Swimming and Reading Go Together Like Cookies and Ice Cream
The right balance of direct instruction and independent practice builds children’s confidence and joy
I scream, you scream, we all scream for ice cream! Swimming and reading are not just summer indulgences. Learning to swim and learning to read require the same amount of patience, endurance, and curiosity. The rewards are similar too: confidence, freedom, and pure joy. It would be nice if learning to read or swim happened overnight, but in reality, they are both complex processes that can challenge a young learner’s confidence and stamina. When we recognize this, we can make more informed choices about how to guide our students and children through the learning process.
Louise Rosenblatt, literacy theorist and researcher, eloquently describes the teacher as a “guide on the side” as opposed to the “sage on the stage.” [i] Teaching is a delicate balance between demanding rigor and inspiring joy. Finding the right rhythm and pace while providing time for direct instruction as well as independent practice is essential. Children will gain confidence in their ability to try and swim across the pool or read a favorite book after they have a foundation of knowledge laid by their teachers’ modeling and guidance, allowing them, as Rosenblatt indicates, to step aside.
As a literacy/reading specialist and a swim teacher I use the gradual release of responsibility model to inform my approach.[ii] I provide extensive support and scaffolding, encouragement, and celebration of each step of the journey. In the end, I see the same results year after year: happy children and happy parents.
Here are some parallels between learning to swim and learning to read.
In the emergent classroom we read aloud favorite stories focusing our attention on meaning, play word games in Smarty Ants to highlight our phonics skills, and create our own stories as we draw and write. Repeat. In the pool, we practice streamlining (prone floating), kicking and blowing bubbles, swimming out to the “castle” (floating platform) and swimming back to the steps. It is all about repetition and pushing a little bit further each time.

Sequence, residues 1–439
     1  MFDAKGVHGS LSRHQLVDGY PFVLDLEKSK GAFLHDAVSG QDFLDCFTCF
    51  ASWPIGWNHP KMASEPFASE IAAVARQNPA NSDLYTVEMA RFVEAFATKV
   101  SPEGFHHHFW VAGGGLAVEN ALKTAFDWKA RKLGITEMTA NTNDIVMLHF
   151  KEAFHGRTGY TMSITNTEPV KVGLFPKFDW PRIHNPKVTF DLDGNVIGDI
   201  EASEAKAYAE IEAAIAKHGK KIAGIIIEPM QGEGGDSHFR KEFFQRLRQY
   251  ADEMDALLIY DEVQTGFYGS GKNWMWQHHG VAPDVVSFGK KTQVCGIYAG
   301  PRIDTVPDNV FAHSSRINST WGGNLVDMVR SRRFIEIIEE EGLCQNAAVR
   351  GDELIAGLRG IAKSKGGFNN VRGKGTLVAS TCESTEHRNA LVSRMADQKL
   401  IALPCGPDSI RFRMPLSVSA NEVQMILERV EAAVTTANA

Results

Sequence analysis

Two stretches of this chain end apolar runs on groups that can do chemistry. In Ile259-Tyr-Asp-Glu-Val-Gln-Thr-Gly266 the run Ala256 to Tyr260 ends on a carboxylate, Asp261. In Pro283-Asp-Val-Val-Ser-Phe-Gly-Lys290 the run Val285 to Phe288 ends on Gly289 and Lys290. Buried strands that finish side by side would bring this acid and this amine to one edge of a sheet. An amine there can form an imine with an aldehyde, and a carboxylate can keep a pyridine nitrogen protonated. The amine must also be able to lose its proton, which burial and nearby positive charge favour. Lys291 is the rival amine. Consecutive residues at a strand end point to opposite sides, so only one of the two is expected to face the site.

Children learn best through multisensory experiences integrating visual, auditory, and kinesthetic-tactile learning activities. A multisensory teaching method is the best method to teach reading since it enhances memory and learning of written language.
What’s better than jumping in the pool and waking up all of your senses? Research by Dr. Ruth Rice determined that babies make “significant gains in neurological development, weight gain and mental development” from the tactile stimulation of the nerve pathways of the skin — and swimming does the trick! [iii] This type of stimulation is wonderful for all children.
Children do not learn to swim by learning just one skill, rather it is the coordination of many skills, arm strokes, kicking, and breathing, focusing on rhythm and pace. Similarly, in reading, children use all of the cueing systems to make meaning, not just phonics.
When children are learning to read and write in our classrooms, we must give them the room to grow, explore, and discover the world around them. By providing myriad of opportunities to make connections and construct meaning, we encourage all children to make sense of their world.
Communication and Group Dynamics.
Reading and constructing meaning are social activities. During a literacy event, children are constantly sharing authority, negotiating meaning among friends or in cooperative learning activities, and creating completely new ideas from a combination of minds.
Swimming is usually associated with vacations and celebrations. Swimming helps teach children how to take turns, listen, and adapt to new social situations more easily because they learn self-discipline and self-esteem enabling them to feel more comfortable, especially around water.
Self-Confidence and Joy
Our goal is to provide extensive support and scaffolding when teaching children how to read or swim. In the classroom we use a repertoire of instructional literacy strategies, such as rhyming songs and games, invented spelling, and interactive storybook reading. In the pool we use concrete props, such as kickboards, platforms, and the pool steps. And then, there is the moment when the students are ready to leave the props behind and exclaims, “I’m ready to do it by myself!” It’s about inspiring confidence, freedom, and joy.
[i] L.M. Rosenblatt, The Reader, the Text, the Poem: The Transactional Theory of the Literary Work (Carbondale: Southern Illinois Press, 1978).
[ii]P. D. Pearson and G. Gallagher, “The Gradual Release of Responsibility Model of Instruction,” Contemporary Educational Psychology, no. 8 (1983): 112–23.
[iii] R.Rice, “Neurophysiological Development in Premature Neonate Following Stimulation,” Developmental Psychology, no. 13; (1977): 69-76.
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